The most usable model is Kotter’s 2012 change management construction called ‘Accelerate’. His earlier 1996 attempt to provide a checklist of best of breed change management practice was linear; did not have empirical evidence to support it; was not detailed enough to use in practice; and was not predictive (Burnes, 1996; Appelbaum et al, 2012). The 2012 update, and the model’s simplicity, ease of understanding, the fact that it covers ADKAR and is concerned about buy-in and cultural change; makes the checklist useful (Lauchlan, 2007). There is also no single way to manage change, you will add, amend and combine ideas and models (Burnes, 1996), a fact that Kotter highlights (2012). Accelerate is thus a good starting point to understand change management in practice.
Aguinis (2011) presented a really good overview of detailing change management and making it relevant. I restate it here for any who might be interested. Aguinis (2011) identified high rates of failure in performance management projects; and researched the ideal project / performant management structure. In my view this ‘ideal state’ should be followed as closely as possible and amended for the reality of the business in question. This would mean taking the PM project, and the ideal ‘state’ of a PM system, mapping it to your company, doing a gap analysis (Juan & Yang, 2004); and then building and implementing the system. Importantly, as with any project you must have:
- A scope document
- A budget
- An agreed upon plan
- Stakeholder buy in
- A project manager
- A deadline
An ideal state includes:
- Define the criteria around the system being changed or implemented
- Identify and understand your strategy – what are you doing, why, what is your unique selling proposition, what pain do you solve, who are your ideal clients?
- Set up a budget
- Make it support the strategy
- Make the links between the individual, the process and the strategy clear
- Make the system practical, reality-based not philosophical
- Refine the budget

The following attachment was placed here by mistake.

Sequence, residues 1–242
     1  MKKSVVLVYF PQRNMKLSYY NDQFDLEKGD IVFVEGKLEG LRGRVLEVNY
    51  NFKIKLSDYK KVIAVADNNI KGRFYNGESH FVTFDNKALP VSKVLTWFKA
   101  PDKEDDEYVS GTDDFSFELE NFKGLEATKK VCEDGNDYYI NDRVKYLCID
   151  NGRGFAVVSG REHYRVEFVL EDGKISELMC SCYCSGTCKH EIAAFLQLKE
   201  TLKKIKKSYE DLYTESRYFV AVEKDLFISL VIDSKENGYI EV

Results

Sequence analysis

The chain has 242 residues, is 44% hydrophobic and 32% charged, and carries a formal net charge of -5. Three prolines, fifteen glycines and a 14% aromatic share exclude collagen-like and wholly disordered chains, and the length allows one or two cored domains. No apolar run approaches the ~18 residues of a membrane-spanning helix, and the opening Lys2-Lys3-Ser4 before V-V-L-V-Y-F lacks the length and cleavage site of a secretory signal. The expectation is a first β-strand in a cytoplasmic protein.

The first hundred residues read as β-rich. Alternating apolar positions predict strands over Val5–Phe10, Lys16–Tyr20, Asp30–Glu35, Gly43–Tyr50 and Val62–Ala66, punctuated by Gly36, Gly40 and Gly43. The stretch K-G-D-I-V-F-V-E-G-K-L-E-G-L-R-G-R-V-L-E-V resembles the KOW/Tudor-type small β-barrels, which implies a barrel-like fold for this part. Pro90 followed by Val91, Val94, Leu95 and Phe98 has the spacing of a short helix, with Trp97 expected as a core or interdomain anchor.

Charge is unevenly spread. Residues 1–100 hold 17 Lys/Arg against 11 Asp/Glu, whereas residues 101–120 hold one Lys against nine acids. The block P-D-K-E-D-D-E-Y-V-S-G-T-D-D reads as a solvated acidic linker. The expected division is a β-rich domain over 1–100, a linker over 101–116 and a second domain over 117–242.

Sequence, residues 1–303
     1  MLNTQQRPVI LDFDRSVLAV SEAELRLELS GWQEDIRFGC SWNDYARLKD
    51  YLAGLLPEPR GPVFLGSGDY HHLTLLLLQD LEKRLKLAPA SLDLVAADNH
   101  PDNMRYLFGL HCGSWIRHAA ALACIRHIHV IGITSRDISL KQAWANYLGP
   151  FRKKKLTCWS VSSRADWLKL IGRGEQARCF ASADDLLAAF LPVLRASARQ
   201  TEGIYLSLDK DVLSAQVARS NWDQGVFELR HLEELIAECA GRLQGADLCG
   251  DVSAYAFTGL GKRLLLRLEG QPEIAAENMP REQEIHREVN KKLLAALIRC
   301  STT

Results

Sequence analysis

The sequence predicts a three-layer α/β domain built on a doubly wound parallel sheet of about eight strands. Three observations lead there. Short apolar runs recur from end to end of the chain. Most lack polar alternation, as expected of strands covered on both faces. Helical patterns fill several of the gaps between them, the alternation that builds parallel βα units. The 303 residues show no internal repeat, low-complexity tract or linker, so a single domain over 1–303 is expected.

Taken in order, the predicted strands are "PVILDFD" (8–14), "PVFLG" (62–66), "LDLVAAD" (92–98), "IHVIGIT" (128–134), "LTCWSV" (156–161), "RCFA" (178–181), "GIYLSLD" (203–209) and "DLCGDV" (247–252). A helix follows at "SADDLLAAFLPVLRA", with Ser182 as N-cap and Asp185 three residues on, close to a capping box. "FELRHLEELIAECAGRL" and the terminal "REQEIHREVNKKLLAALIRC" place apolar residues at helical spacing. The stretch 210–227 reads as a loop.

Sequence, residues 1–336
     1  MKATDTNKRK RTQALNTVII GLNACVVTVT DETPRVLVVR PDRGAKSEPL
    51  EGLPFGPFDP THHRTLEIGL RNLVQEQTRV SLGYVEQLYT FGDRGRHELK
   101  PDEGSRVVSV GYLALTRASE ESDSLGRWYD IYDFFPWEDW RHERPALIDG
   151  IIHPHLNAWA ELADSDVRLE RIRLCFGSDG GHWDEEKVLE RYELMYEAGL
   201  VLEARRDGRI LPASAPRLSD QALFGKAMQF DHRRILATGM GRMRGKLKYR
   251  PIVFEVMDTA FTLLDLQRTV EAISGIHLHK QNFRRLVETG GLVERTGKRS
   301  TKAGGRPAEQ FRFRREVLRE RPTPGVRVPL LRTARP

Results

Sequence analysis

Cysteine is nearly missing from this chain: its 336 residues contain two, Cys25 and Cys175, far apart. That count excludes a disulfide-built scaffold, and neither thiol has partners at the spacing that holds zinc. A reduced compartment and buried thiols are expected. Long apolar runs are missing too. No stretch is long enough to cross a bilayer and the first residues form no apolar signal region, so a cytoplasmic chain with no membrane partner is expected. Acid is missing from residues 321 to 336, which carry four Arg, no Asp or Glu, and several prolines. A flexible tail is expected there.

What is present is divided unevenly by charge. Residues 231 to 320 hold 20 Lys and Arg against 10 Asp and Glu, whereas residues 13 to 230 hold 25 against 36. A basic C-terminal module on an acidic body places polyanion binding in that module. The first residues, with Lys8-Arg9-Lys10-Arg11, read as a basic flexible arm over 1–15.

- Indices need to be very specific and clear
- Identify what good vs bad performance looks like
- Have employees involved and committed to the project
- Refine the budget
- Make sure the data is reliable and clean
- The system must be fair and inclusive
- The systems are open and correctable
- The system has to be used and to be seen being used
- The systems support ethical standards
- The system rewards good personnel and culture
- Neutralize idiosyncratic rater effects (where people rate other people) through proper questioning
- The system feeds into HR and the hiring of new staff.
- Make the project iterative and do it right (above is heavily amended from; Aguinis 2001: 1/19)
This ideal state for a project, and to ensure a proper management of performance, is a valuable checklist in my opinion and could be used within a business, customized of course for context and circumstance.
Key Performance Indicators (KPIs) merged with Balanced Score Card (BSC)
To measure change you need to use metrics. These should cover the main processes being changed and the areas of the business affected. There are four areas measured by a KPI balanced scorecard which supports the BSC strategy initiative:
- Financial performance.
- Customer perspective: tracking customer satisfaction, attitudes, and market share goals.
- Internal processes: internal operational goals needed to meet customer objectives.
- Learning, innovation perspective: intangible drivers for future success such as human capital, organizational capital, training, informational systems
These four perspectives are interdependent. Improvements in internal processes through the usage of these 4 KPI’s can help a business increase operating efficiency, which results in higher customer satisfaction and increased financial performance (Kaplan & Norton, 1992). KPIs should therefore support strategy as measured by BSC.